If you work near traffic or heavy machinery, then you know you cannot step foot on your job site unless you are properly wearing three major classes of high visibility safety apparel, otherwise known as HVSA for short.
Several different industry workers are required to use HVSA, which include:
- Construction workers
- Truck drivers
- Workers in heavy industry
- Employees responsible for returning shopping carts from parking lots
- Safety wardens in office buildings
- Senior management visiting a factory floor or warehouse
Although workers are required to wear HVSA, not all hi-vis gear is the same for all working conditions or jobs since each position needs different levels of visibility and hi-vis apparel.
Different Lighting Conditions
During daylight conditions, hi-vis relies on fluorescent materials to reflect invisible ultraviolet light from the sun. Compared to other types of apparel, it magnifies its visibility.
During low light conditions, fluorescent colors are not as effective, which is where retroreflective materials come in. Lights that come from artificial lights such as flashlights or car headlights are reflected from retroreflective materials. However, in daylight conditions, it does not help workers stand out.
Since working conditions can easily change, and not every worker remembers to switch their daylight HVSA for low light HVSA, many apparel items combine both types of visibility.
Three Classes of HVSA
There are three classes of high-visibility safety apparel. Still, it is essential to note that these three classes are not specific to certain garment types such as jackets, vests, or overalls. Instead, they specify the amount of background material and the amount and width of the reflective material, which are usually stripes.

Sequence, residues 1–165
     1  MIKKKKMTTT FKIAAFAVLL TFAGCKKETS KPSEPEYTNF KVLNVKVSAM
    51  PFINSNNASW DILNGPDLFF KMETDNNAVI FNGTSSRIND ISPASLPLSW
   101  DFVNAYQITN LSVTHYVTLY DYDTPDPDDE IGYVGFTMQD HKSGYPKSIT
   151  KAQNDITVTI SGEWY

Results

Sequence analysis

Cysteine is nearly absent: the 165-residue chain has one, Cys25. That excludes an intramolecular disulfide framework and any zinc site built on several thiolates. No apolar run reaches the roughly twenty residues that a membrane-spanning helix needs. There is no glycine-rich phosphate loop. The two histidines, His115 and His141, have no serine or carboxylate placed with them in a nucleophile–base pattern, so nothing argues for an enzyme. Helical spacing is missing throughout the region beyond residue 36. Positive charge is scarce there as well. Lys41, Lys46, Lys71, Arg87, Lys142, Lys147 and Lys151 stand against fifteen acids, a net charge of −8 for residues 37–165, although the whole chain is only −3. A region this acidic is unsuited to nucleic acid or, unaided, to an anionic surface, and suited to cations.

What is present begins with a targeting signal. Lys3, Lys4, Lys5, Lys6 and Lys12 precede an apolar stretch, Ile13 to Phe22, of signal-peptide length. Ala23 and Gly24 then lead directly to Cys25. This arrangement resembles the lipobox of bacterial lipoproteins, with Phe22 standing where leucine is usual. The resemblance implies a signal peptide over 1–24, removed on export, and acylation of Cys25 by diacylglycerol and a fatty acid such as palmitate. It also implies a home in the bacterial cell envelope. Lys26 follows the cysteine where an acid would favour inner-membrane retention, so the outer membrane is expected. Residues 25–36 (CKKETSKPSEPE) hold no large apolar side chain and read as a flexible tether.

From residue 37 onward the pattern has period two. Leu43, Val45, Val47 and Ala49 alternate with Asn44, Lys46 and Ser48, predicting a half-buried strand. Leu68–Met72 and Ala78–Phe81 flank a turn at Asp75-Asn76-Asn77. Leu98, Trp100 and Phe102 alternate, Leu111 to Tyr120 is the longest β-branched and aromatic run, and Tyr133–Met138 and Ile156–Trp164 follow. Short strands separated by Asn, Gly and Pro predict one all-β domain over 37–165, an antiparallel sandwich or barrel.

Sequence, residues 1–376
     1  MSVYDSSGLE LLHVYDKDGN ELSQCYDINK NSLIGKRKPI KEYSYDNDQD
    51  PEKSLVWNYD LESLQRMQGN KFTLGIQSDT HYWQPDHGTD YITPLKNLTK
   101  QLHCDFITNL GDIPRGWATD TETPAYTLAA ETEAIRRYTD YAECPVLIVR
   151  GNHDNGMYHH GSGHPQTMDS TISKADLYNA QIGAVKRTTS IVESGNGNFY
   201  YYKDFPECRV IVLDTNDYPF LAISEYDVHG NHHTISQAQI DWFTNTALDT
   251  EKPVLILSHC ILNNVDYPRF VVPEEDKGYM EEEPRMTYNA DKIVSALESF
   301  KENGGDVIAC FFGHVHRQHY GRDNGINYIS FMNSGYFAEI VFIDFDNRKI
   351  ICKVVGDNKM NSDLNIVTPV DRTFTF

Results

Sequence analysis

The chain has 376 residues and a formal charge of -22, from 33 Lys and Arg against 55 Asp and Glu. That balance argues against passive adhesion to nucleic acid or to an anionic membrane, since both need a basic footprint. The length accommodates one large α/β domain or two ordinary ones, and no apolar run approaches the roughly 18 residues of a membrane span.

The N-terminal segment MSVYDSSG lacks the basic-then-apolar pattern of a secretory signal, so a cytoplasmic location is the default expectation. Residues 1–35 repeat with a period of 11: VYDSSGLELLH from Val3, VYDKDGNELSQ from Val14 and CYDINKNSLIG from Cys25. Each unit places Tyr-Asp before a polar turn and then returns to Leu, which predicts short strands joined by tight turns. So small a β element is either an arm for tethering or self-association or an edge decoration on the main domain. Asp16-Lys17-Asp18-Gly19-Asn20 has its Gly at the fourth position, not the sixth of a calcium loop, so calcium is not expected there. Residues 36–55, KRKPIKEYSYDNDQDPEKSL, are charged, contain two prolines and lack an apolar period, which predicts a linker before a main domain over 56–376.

Class 1 provides workers with the lowest coverage and visibility that is recognized, which can vary depending on the circumstances. This class is meant for lower-risk environments such as:
- Warehouse operation
- Shipping and receiving workers
- Workers who collect shopping carts in a parking lot
- Workers who direct vehicles to parking or service locations
Class 2 provides workers with moderate body coverage and superior visibility, which includes fluorescent orange or yellow/green jackets, bib overalls, and vests that incorporate retroreflective bands. Medium risk jobs can either require workers to wear Class 2 or Class 3 clothing; however, it varies on the circumstances and environmental conditions. This class is meant for medium risk job environments such as:
- Survey crews
- School crossing guards
- Roadway construction, utility, forestry or railway workers
- Parking attendants and toll gate workers
- Airport crews
- Emergency response
- Law enforcement
- Accident site investigation workers
Class 3 provides workers with the greatest body coverage and visibility when they are under poor lighting conditions and at farther distances. This class is meant for people working with machinery or vehicles that are moving in close range or at a higher speed where workers must be clearly visible, which include:
- Utility workers
- Survey crews
- Flagging crews
- Roadway construction workers
- Emergency response workers
- Road assistance
- Tow company workers
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